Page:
A brief introduction to praxis-education.com, a new professional development platform for teachers based around small-scale research inquiry
Previous readers of this occasional blog may recall that around a year ago, I shared a proposal for an idea I’d had. At the time, I struggled to explain my vision in a snappy way, and so this initial post carried the lengthy if functional title ‘A proposal for a research-based online platform for school-based practitioners, staffed by the education research community‘. (If you think this is wordy, be grateful you didn’t have to sit through one of my 25-minute ‘elevator pitches’, which one critical friend rather cruelly described as a ‘broken elevator pitch’).
Just prior to this, I’d posted another blog called ‘A one-word mission statement for the researchED movement‘. That word was ‘Praxis’, an Aristotelian notion that means something akin to ‘reflective action’ – the process of translating theory into action, if you like. Shortly thereafter, I put two and two together and realised that ‘Praxis’ was just the word I was looking for to sum up my vision for the platform.
This idea has met with considerable support, and I soon found myself having lots of meetings with acronyms (the NFER, the TDT, the DfE, the IoE et al). The IoE have been especially helpful, and this Saturday Chris Brown and I are co-presenting at the researchED conference, to share the story so far and to see whether people agree that this idea might just have some legs. (So far around 80 people have signed up to the community, which I have interpreted as being extremely encouraging, and toward the end of the summer term the first few inquiries started to roll in).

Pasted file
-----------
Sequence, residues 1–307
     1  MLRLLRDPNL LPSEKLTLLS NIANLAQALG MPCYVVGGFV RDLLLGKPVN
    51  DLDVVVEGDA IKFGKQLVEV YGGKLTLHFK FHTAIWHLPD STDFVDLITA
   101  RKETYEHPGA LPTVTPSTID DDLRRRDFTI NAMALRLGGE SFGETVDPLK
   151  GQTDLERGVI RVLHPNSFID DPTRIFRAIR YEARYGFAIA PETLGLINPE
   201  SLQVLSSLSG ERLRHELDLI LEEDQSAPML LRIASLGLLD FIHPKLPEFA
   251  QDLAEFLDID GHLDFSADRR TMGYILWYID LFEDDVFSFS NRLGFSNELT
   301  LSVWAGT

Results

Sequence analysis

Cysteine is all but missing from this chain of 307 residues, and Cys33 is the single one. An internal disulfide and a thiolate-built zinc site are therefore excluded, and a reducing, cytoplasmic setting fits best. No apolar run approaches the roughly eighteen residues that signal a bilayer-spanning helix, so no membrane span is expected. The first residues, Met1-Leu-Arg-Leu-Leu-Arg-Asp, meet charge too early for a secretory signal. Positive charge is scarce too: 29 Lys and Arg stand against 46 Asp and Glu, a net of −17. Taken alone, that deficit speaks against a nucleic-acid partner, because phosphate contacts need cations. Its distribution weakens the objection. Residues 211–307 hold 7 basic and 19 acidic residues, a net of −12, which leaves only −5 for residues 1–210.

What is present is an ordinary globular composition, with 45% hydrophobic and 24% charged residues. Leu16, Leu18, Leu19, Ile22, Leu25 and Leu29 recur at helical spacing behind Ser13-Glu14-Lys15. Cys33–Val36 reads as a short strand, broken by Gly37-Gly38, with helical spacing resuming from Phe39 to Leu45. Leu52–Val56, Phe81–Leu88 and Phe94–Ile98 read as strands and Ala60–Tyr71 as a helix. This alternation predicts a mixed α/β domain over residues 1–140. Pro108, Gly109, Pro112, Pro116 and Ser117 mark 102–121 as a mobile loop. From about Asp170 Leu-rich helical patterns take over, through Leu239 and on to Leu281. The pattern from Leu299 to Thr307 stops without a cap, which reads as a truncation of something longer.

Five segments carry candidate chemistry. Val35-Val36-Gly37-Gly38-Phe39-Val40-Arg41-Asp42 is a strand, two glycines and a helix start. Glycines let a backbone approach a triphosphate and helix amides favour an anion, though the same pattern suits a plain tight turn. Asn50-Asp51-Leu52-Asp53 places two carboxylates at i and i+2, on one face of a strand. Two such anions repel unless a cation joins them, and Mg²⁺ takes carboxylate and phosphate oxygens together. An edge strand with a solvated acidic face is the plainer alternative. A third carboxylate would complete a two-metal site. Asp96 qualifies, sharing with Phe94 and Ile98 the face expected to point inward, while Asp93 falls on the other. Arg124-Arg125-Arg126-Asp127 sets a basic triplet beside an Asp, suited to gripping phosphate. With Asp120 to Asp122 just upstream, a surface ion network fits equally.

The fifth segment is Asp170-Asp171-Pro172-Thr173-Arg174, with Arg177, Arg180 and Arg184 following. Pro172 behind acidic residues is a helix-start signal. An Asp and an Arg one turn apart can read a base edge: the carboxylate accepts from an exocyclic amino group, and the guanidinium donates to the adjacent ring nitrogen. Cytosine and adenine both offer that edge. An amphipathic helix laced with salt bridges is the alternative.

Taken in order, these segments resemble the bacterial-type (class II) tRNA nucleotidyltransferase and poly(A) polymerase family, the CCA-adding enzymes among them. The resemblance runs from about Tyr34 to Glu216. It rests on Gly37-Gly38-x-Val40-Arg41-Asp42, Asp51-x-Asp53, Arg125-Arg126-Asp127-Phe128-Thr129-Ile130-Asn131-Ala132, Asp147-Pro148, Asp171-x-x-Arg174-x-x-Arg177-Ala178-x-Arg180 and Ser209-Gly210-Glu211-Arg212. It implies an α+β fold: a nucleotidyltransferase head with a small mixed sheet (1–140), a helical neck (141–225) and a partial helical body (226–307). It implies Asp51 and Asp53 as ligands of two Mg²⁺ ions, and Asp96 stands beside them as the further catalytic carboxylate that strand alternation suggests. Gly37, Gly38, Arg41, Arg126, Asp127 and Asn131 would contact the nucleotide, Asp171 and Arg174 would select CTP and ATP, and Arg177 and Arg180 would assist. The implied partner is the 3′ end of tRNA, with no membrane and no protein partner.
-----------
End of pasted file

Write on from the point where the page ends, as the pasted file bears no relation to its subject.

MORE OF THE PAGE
In an attempt to explain some of the thinking behind this site, I have made a series of 3 introductory vlogs. Here’s the first one, and #’s 2 and 3 will follow tomorrow and Friday – these will focus on providing a rationale for small-scale research inquiry as a basis for professional development, an idea which is increasingly but far from universally accepted within the profession. So far I have plans for 2 more vlogs: #4 will focus on ‘obstacles to teacher research becoming system-wide, and how these can be overcome’, and #5 will be a kind of tour of the site.
By its nature, whether or not this platform realises its potential is dependent on people engaging with it, providing feedback, and ideally signing up (it’s free!) and sharing their research inquiries. So whatever you think of this idea, please do share your thoughts.